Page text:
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:: The Lower Rooms [m] by Stasia Collins ::

I woke up without answers, on a dirty tiled floor. I concluded from the stiff, oversized gray suit I was wearing that I had been locked up for one reason or another. With this ugly clothing came two unusual things: the mystery of why I was wearing it; and, also, a concrete realization that I needed a fix, right then, really fucking BAD!

As for the uniform, the large top didn't bother me, it was comfortable for sleeping in, but the pants were unbearably huge. Everywhere I went they just kind of dragged behind me and made an obnoxious swish.

I had more on my mind than fashion, however, like, figuring out why in the hell was I here in the first place? And how could I continue hiding the fact that I was a junkie? I knew from experience that they put the junkies with the crazies and the AIDS patients, and that was a scene that I just couldn't handle, morphine or no morphine.

I was smart, though: far more clever than most junkies. I never even shot into my arms. I kept a certain discretion about my hobbies, so I opted for the toes, but in the winter months with a high collar, I indulged in my neck, which I preferred.

The only sign to my addiction was my weight: 87 pounds. Most people wrote that off as perfectionist anorexia, which I wouldn't dispute, because, for the most part, I was the girl next door, minus the gray scratchy suit.

Hiding my problem from the authorities was easy in the beginning. I simply answered "no" when asked, "do you use i.v. drugs?" That got me into general population. Now I just had to hide it from the guards in there, which was a little tricky. They stare you up and down all the time. It was rumored that a few of the pregnant girls had been there for years. Doubtful a child of God. So I kept my distance as much as one possibly could. I got through the first day with a breeze, although I never found out what I was doing there.

That night it got strange.

My cellie, Jamaican lady called Cocoa, woke me up around 3:00 am.

"What's your fuckin' deal, girl?"

She was shaking me and slapping my back, and I got the feeling that she had been trying to wake me for quite some time.

"C'mon girl! Wake up or shut up!"

"What the fuck are you talking about? You gonna wake me to tell me to shut up? You're goddamn crazy you know that?!" She finally got my attention. When I answered her, she became a little peeved.

"Me crazy? You the one who's moanin' and groanin' like a cow in labor. Plus you been grabbin' your stomach real hard. I just thought you was hurt, but now you call me crazy. Well, if you ain't hurt, you the one who's crazy, and that's where they gonna put you-with the rest of them crazy bitches!"

"What do you mean moaning?" she had my attention. Apparently I wasn't as clever a junkie as I had assumed.

She got really frustrated then, she glared at me and answered, "you been layin' there cryin' and holdin' yoself like this-" she demonstrated, and she looked like she was about to fall over in pain.

"Oh god!" was all that I could say. "Oh my god!"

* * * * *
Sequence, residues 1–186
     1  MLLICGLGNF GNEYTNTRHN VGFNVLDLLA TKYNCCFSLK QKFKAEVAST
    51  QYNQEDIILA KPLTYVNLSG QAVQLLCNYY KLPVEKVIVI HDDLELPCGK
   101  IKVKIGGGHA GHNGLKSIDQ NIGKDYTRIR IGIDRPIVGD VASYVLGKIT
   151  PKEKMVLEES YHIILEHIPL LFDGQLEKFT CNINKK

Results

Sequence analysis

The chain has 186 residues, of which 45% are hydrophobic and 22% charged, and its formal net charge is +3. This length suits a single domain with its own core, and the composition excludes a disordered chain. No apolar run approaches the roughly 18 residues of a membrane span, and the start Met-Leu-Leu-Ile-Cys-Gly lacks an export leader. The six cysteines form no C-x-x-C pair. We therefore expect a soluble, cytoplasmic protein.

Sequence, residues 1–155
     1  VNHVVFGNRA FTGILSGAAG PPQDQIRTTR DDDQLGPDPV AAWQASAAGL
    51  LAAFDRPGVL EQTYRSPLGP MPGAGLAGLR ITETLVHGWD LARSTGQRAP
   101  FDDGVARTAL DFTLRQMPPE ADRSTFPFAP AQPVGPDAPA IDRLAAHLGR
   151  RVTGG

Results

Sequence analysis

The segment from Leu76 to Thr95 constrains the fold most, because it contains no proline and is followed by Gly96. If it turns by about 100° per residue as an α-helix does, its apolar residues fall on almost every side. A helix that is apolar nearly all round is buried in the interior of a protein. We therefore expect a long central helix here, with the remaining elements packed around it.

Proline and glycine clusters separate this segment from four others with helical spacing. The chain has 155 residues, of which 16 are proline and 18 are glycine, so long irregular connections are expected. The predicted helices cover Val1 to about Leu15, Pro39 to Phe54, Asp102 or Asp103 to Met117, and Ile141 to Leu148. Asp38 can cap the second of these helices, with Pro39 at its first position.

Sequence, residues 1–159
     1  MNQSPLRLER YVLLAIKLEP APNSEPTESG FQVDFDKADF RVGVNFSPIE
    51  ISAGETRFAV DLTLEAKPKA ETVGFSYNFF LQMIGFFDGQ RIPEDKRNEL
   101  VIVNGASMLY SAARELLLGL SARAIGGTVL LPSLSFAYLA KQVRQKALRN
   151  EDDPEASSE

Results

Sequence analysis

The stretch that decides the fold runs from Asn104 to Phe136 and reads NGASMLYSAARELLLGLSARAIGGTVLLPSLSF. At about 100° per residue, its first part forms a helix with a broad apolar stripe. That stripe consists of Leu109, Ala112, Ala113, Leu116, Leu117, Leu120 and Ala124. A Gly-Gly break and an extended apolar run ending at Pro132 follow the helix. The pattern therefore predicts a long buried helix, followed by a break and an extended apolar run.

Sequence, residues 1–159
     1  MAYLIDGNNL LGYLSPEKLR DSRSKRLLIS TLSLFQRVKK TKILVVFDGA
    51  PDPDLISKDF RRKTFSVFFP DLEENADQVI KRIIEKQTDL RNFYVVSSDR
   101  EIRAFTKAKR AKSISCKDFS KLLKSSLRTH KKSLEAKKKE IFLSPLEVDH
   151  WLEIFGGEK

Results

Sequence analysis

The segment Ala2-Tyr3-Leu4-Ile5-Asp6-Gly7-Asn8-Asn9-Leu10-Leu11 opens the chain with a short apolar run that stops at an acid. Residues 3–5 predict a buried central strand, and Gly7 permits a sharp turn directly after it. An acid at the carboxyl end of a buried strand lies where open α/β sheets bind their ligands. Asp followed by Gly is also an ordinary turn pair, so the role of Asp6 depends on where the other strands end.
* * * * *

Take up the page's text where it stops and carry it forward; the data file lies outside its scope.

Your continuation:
"What the fuck is wrong with you anyway? What you in here for?"

I could tell that she was concerned about the safety of her living quarters with this mysterious new roommate.

"I have no idea. I woke up down in central lockup, then they brought me up here, and I really don't remember why. That's not my major problem right now though."

That's when she got seriously concerned. She lowered her brow at me like a scornful nun, "then what exactly is your major problem, miss thing?"

"I'm tryin' to kick. I don't want to go with the nutso bitches. If the guards find out, they'll put me down there, tie me to a bed, and that'll be it for me. I'd rather be locked in a cell, wouldn't you? We don't have to piss on ourselves, or hear psychos screaming and religious freaks preaching and dying people die, and well, you know how it is."

She finally understood that I wasn't a maniac, just an addict. Apparently she had dealt with a similar situation, or maybe it was just her personal memoirs of the nut ward, but she helped me hide my disease. She covered me with pillows when I sweat and wailed in my sleep, and she'd tell the guards that I had overeaten whenever I vomited. She'd put cool towels on my head; hot towels on my legs, and she did it all without any screws or inmates noticing.

She saved my life in a sense. She kept me out of the lower rooms, a place that claimed more suicides than Seattle. It took me a couple of weeks, but I totally kicked eventually, and nobody got hip to the fact.

As for the other problem, finding out why I was in, well that was solved in the third week. I didn't want to actually ask someone, "hey, what did I do?" That would seem a little fucked up, even for me. But one thing that I did notice was that all of the girls had yellow or orange wristbands on, but mine was red. I assumed that meant my charge was minimal, and maybe I'd get to go home soon. Perhaps I had simply been too loaded on the public bus again, and this time they were going to teach me a lesson.

Then another girl came in with a red band on, and so I asked her why she was in, which is probably the most common question on the inside. She looked at me, like she was offended, and she put it to me simply:

"You see this red band, don't ya bitch?" She was slapping her own forearm pointing to the wristband, and her skin was turning pink. "I stabbed my 'ol man! Red's for murder, don't you know that? Don't you know shit?"

That evening I was taken to the lower rooms.

 
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